The Christian Science Monitor

Once banished by czars, a centuries-old sect finds new life in modern Russia

A garden grows outside a typical log 'izba' in Tarbagatay, Russia, an Old Believer village of about 5,000 people. Source: Fred Weir

This sprawling village, set in a green mountain valley in southern Buryatia, is an unmistakably Russian place.

It’s noticeably different from nearby communities of cattle-breeding, mostly Buddhist ethnic Buryats. Solid Siberian-style izba log houses are framed by large garden plots and dirt streets, with a small white Christian church at the center. The houses have brightly painted gables and fences, the gardens are laid out in military-straight rows, and everything looks freshly repaired.

Tarbagatay, Russia, is one of the largest surviving communities of Old Believers, religious dissenters who were violently repressed and twice exiled by the czars. They finally found refuge amid the wilds of Siberia 250 years ago. They survived by keeping to themselves, stubbornly maintaining their faith – which, to an outsider, doesn't look too different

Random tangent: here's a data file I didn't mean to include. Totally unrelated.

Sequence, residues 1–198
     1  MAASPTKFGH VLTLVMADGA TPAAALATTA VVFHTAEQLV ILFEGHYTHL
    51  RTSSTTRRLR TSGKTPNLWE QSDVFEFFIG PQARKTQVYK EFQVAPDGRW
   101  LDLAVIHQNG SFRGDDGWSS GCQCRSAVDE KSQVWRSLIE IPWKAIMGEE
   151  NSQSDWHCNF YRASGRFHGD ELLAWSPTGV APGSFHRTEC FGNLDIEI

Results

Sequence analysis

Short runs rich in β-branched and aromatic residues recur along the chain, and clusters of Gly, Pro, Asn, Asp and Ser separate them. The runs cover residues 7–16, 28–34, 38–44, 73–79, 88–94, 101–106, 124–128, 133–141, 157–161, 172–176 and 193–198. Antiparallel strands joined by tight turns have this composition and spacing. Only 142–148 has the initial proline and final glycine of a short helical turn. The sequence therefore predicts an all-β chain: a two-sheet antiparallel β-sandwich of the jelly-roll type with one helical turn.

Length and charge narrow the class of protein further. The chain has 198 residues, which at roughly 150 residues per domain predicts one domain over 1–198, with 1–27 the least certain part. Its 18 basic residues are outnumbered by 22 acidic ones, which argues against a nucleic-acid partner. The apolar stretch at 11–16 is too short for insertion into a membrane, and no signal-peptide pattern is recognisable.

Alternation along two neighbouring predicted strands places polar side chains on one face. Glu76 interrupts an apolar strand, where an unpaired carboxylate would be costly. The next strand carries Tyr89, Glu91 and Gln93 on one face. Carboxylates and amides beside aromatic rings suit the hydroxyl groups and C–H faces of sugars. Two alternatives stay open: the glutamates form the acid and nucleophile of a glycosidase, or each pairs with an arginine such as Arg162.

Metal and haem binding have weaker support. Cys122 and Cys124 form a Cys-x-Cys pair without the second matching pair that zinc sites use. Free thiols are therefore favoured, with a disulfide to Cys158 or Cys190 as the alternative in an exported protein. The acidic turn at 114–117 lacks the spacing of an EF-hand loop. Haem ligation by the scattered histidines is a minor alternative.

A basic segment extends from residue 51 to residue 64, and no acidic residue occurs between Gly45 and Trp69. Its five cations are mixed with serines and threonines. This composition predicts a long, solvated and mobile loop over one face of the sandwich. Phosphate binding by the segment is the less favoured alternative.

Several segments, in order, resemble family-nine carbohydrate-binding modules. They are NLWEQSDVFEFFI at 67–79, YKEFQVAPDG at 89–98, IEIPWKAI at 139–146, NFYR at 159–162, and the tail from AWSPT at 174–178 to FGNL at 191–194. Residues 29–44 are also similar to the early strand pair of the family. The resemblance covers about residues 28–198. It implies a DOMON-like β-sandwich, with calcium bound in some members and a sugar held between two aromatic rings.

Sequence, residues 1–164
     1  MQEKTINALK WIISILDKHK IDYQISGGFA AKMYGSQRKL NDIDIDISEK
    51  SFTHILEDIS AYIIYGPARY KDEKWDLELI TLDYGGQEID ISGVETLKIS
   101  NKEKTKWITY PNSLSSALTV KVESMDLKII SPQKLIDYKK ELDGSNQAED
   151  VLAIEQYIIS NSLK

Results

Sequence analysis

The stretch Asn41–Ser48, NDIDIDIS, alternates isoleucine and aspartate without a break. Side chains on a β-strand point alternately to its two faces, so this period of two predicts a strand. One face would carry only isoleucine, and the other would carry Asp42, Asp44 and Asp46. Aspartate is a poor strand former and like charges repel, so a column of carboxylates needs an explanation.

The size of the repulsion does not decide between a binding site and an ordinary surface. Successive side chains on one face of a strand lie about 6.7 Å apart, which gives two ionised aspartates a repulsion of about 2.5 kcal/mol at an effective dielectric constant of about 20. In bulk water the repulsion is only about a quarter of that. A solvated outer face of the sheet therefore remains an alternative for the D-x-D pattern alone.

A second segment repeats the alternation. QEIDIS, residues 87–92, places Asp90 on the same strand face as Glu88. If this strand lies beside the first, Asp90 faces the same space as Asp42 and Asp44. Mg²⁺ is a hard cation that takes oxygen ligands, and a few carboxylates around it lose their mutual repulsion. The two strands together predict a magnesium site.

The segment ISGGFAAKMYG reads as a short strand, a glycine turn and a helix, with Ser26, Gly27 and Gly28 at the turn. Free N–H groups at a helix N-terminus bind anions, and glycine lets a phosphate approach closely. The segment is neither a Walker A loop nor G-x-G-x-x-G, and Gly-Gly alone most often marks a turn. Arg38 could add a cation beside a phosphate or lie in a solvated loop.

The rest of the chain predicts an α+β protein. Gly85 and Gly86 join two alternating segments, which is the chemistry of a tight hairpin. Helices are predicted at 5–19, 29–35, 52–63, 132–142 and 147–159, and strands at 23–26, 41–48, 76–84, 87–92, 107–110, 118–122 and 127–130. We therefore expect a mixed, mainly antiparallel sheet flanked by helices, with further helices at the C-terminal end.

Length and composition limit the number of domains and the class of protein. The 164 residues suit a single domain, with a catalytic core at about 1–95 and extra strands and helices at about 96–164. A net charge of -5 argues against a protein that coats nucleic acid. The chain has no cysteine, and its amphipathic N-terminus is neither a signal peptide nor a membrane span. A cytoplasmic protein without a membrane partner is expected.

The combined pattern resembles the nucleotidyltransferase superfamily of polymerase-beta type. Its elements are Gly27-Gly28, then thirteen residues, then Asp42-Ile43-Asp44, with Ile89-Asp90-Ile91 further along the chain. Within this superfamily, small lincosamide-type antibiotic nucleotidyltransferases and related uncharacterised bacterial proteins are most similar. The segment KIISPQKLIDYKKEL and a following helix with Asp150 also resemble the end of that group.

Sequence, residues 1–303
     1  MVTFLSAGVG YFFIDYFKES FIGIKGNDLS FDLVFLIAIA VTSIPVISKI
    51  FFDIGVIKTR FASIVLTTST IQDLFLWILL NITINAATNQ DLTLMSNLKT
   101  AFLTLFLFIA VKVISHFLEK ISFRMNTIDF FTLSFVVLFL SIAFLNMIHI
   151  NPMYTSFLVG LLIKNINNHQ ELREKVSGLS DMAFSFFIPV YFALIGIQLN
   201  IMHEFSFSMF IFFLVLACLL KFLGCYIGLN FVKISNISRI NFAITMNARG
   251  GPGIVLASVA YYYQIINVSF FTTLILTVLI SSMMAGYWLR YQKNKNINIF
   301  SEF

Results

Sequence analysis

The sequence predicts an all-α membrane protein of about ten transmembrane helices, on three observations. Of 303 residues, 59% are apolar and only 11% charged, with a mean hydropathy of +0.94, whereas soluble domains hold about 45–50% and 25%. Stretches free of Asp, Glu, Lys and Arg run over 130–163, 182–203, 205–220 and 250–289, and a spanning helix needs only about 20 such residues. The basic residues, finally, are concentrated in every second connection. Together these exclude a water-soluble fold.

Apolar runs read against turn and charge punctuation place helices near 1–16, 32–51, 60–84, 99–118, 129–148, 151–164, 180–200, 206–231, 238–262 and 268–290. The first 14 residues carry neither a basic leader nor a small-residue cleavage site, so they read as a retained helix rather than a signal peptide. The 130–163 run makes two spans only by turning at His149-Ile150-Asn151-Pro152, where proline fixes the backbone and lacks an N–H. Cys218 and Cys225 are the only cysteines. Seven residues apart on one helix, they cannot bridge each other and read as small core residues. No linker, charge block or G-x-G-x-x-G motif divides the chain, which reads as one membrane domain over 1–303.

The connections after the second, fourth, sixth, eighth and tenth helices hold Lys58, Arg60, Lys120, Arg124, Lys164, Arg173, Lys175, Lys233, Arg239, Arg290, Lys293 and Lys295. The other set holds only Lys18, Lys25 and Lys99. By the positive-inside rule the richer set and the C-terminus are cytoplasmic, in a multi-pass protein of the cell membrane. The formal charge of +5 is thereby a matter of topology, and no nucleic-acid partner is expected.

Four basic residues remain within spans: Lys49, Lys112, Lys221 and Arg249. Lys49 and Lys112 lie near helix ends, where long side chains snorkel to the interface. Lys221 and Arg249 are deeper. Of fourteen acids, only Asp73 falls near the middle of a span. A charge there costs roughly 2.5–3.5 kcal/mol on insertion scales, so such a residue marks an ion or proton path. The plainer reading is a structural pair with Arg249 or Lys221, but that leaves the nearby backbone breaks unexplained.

Exiled by the czarsA return to Russia's fold?

You're reading a preview, sign up to read more.

More from The Christian Science Monitor

The Christian Science Monitor2 min readSociety
It Takes A Village To Stop Mass Shooters
A new federal focus aims at supporting citizens and communities to keep guns away from troubled individuals. Short of banning guns, local efforts may be the best prevention.
The Christian Science Monitor2 min readPolitics
How Tom Perez Plans To Keep Democrats United
At a Monitor Breakfast, the DNC chair said every 2020 Democratic presidential candidate has pledged to support the eventual nominee – despite the melange of personalities and ideologies remaining.
The Christian Science Monitor4 min readPolitics
‘My Dear Friend’: Why Trump-Erdoğan Ties Endure
In a controversial White House visit, President Trump called Turkey’s authoritarian leader a “friend” but also exposed him to U.S. Senate critics.